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Singing the Winter Blues

I wanted my first article to be about a topic close to my heart, and that affects many in our area, Seasonal Depression, more commonly known as Seasonal Affective Disorder, or SAD for short. Actually, this is technically Major Depression, but it manifests itself during the darker months of the year. This type of depression is characterized by a noticeable decrease in mood around a specific time in the Fall, often in late September, followed by an increase in mood in April/May. During this time, people tend to be more sedentary, seek more carbohydrates/sugary foods, isolate themselves more than normal, and marked with weight loss or weight gain (usually weight gain).

Known by many names, like the “Winter Blues,” seasonal depression is surprisingly common in Northern States like Wisconsin.

This time of the year signals many things. We are not able to do as much outside as we would during the warmer months, which can be depressing if your hobbies aren’t accessible. Also, many family-centric holidays fall during the darker months of the year, and for those without family, it can be a source of depression. In reality, there likely isn’t a specific cause as to why many people feel worse mentally when the season changes.

Rather than speculate the causes of seasonal depression, it’s better to discuss ways to feel better. There are several potential ways to feel better during this time of the year. First, realize that you’re not unique in how you feel, and that many people suffer from this. Also, know that you don’t have to suffer all that time, because there’s help. Help comes in many forms, such as cognitive behavioral therapy, diet & exercise, over-the-counter supplements, prescription medications, and alternative treatments.

Depression is commonly treated when we change the way we think. Simply, if we find other ways to think more positively, we will feel more positive and better. This is very simplified, and this is typically done with the help of a therapist, like myself. Reading a self-help book is another good idea if you’d prefer that route first, or to supplement therapy. It's my experience that self-help books only get you so far.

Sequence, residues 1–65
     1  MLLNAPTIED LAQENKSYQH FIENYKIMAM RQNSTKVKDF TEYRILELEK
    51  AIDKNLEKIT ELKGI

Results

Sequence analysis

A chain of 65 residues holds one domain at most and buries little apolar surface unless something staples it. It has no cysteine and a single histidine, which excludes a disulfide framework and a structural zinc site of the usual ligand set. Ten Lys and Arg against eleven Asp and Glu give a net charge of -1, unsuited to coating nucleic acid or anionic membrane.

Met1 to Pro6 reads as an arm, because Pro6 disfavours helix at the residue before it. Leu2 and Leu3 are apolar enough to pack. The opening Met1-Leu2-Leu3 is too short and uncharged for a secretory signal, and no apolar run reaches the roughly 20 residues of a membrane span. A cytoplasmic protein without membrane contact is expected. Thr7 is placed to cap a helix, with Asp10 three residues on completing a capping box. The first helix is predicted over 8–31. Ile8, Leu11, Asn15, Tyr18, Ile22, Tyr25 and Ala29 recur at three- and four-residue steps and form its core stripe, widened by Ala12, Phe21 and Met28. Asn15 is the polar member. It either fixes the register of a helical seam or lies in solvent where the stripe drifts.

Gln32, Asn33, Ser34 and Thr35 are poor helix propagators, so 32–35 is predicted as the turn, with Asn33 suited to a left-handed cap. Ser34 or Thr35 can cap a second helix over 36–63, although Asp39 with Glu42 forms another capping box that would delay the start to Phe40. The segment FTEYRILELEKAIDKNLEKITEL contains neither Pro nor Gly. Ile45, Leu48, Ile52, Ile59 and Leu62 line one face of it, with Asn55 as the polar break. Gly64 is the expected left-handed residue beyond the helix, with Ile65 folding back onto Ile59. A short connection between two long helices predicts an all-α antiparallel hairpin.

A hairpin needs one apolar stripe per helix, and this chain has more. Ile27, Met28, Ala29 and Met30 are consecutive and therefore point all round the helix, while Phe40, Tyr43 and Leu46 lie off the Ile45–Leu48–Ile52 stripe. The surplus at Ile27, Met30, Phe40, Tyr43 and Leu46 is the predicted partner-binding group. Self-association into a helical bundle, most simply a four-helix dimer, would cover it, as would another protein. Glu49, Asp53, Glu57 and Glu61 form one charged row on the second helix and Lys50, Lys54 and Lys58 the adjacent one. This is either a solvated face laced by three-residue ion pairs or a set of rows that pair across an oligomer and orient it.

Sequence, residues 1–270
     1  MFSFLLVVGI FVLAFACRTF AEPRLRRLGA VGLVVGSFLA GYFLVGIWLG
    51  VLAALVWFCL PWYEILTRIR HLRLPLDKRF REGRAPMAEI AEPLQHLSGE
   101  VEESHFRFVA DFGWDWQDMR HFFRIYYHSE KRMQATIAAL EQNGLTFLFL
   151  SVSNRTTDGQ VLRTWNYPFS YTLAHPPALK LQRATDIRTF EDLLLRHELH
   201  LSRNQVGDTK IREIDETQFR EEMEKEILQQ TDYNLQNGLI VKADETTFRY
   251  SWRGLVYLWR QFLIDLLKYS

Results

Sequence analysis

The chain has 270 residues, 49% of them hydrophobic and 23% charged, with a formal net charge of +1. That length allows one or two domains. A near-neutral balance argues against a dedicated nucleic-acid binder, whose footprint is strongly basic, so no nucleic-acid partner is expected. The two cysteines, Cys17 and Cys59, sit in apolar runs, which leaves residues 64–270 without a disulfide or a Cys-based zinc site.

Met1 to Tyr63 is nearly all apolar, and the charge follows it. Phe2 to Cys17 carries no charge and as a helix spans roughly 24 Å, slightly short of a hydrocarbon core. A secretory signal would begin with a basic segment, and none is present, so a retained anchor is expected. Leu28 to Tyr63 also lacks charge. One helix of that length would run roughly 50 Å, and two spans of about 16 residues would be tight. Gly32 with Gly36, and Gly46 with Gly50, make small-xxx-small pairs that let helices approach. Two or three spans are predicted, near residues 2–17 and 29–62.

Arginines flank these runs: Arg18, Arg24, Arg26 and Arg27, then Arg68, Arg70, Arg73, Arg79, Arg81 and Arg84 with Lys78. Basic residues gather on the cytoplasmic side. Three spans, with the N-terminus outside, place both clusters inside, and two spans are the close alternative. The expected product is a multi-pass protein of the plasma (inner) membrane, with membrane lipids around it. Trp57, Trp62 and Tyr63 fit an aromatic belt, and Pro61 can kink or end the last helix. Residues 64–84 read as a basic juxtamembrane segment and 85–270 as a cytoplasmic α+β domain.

Diet and exercise is also central to feeling better. Eating sugary and starchy foods (breads, pastas, potatoes, candy and pastries) can be very tempting to many during the colder months of the year, but that often sets-off a spiral of despair that typically makes the person feel worse, and worse. For example, the person experiences weight gain, which effects their physical and mental health, which leads them to eat more, which makes them feel worse… you get the idea! Or, that type of food leaves you feel more drained of energy because your blood sugar is all over the place, making you seek it more because you’re tired, which also creates a wicked spiral. For people who are sensitive to the changes of the seasons, a healthy diet is very important to stick to. Check-in with your doctor for help with starting and maintaining a healthy diet.

Additionally, lack of exercise during the colder months also wreaks havoc on our health. Our bodies are designed to move and be active. When we don’t feel good, we lack motivation often to move around as much. But that, like diet, leads down a path that makes us more sedentary and depressed. Make a point to stick to an exercise routine consisting of strength training and cardio. Speak with your doctor or a personal trainer for help if you want to create a safe exercise program.

Prescription medication can be very helpful for Seasonal Depression. Over the counter supplements may also be helpful. There's many over the counter supplements to choose from, and a simple Google search will get you steered on the right direction. Additional, your doctor may have suggestions, and can further discuss if prescription medications or supplements may be for you.

One very common way to combat seasonal depression, which is also backed by some interesting science, is using a light box. A light box is a VERY intense bright white light (10,000 LUX) that you sit 10-14 inches in front of for 20-60 minutes per day. Research shows that light boxes can be as effective as prescription medication for some. You don’t look directly at it, but rather place it in your peripheral vision while eating breakfast or having your morning coffee while you read the paper. You can even watch tv while using it. As long as you don’t stare into it, the light has not shown to have many negative side effects. One potential side effect is the triggering of mania in people with bi-polar disorder.

The first step to receiving a light-box is to speak with your physician. It is considered durable medical equipment, which means that many types of insurance companies will pay for it. You may have a co-pay though. Another option is to just order one off the internet. Amazon has many options. Remember, the light should be white (not blue), and it has to be at least 10,000 LUX. Also, try to avoid micro-sized lights. While these may be convenient for travel, they aren’t ideal. You want the biggest surface area possible, as these have been shown to be the most effective in scientific studies.

I hope some of this info is found helpful!

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